5 August 2010 5:15 PM, PDT | Movieline | See recent Movieline news »

Barely heralded today among the midcentury Hollywood auteurs, Albert Lewin was as distinct in his personality as Alfred Hitchcock or Fritz Lang or Sam Fuller, and just as much of a terrarium-maker. His micro-worlds, including the new-to-disc 1951 classic Pandora and the Flying Dutchman, had a particularly dreamy vibe. His most-seen film, the 1945 version of The Picture of Dorian Gray, is unforgettable not for its fidelity to Wilde's morality play but for its very strange, doomed-romantic bell-jar effect, a movie seemingly made up entirely from Hurd Hatfield's cheekbones, Angela Lansbury's round eyes, a single Victorian tavern set, and mist. »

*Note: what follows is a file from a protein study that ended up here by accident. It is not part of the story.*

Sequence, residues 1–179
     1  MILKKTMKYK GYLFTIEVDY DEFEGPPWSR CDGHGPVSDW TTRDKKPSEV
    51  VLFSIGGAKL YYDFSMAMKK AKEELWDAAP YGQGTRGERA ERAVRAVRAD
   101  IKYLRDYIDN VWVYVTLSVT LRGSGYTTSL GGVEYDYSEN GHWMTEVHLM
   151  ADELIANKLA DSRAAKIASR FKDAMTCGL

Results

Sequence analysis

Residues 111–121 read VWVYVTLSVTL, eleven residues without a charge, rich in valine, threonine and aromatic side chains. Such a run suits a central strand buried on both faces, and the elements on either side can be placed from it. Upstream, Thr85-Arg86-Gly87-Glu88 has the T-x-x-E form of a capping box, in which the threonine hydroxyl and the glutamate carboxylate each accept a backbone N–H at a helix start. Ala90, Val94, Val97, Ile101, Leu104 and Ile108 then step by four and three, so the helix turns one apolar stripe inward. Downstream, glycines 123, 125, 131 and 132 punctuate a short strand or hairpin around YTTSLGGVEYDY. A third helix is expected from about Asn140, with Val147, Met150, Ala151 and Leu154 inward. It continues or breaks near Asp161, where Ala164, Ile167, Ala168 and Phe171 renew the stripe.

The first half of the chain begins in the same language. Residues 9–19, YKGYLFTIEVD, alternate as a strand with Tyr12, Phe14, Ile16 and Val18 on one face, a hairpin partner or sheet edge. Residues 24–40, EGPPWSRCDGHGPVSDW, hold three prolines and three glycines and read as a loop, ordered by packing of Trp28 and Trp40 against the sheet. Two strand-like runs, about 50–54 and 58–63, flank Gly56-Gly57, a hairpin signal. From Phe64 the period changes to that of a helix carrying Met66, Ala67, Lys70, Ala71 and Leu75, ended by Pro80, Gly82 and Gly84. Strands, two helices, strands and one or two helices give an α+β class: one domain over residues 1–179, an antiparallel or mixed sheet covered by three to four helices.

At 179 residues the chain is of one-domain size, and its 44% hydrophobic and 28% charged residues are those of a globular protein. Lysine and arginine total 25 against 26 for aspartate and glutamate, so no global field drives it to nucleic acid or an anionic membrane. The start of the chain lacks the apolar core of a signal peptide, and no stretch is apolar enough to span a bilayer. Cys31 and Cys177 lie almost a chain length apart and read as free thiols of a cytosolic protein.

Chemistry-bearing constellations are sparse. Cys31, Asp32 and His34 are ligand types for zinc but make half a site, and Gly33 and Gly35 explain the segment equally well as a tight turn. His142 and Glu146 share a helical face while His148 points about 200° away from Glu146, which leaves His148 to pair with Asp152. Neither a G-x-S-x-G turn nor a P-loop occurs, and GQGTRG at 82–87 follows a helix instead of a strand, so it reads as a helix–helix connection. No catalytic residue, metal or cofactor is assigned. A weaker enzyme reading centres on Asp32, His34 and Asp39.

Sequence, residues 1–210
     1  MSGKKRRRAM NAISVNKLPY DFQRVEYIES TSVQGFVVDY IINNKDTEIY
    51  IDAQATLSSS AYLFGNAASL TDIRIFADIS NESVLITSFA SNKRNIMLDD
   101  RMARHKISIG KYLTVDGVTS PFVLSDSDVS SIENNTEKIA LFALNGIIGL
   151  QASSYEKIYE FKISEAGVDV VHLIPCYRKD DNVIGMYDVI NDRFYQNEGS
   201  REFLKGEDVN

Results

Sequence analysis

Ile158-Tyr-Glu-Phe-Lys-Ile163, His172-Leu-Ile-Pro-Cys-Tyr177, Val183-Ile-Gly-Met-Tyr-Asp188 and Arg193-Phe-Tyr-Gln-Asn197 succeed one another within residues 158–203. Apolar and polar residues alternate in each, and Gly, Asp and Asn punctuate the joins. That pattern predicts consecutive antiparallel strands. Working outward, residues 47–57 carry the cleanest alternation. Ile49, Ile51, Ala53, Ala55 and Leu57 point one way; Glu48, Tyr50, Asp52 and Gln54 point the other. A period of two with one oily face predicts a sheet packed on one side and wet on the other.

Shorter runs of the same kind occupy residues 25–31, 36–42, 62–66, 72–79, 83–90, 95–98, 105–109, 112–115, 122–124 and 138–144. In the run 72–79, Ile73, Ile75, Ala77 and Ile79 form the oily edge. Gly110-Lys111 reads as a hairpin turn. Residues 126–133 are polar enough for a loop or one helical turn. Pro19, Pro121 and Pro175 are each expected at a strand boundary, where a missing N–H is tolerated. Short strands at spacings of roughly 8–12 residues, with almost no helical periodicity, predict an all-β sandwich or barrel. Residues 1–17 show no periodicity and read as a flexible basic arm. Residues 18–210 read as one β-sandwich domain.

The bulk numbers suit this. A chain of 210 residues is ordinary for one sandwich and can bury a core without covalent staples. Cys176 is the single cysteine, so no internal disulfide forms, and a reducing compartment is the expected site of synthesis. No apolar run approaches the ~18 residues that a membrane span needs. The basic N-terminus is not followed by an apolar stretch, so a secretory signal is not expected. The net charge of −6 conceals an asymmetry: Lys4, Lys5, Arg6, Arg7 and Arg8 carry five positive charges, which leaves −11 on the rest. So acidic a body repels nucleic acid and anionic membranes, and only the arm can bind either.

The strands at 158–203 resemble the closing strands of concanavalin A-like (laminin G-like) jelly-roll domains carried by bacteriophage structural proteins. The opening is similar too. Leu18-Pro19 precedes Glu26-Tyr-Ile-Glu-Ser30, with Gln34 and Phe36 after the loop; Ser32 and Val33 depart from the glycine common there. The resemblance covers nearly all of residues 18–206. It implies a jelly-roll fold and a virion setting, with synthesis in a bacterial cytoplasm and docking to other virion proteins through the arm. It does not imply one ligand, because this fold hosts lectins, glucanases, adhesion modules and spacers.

Report a problem



Similar News Items

Alfred Hitchcock (I)
Angela Lansbury
Fritz Lang (I)


IMDb.com, Inc. takes no responsibility for the content or accuracy of the above news articles, Tweets, or blog posts. This content is published for the entertainment of our users only. The news articles, Tweets, and blog posts do not represent IMDb's opinions nor can we guarantee that the reporting therein is completely factual. Please visit the source responsible for the item in question to report any concerns you may have regarding content or accuracy.

See our NewsDesk partners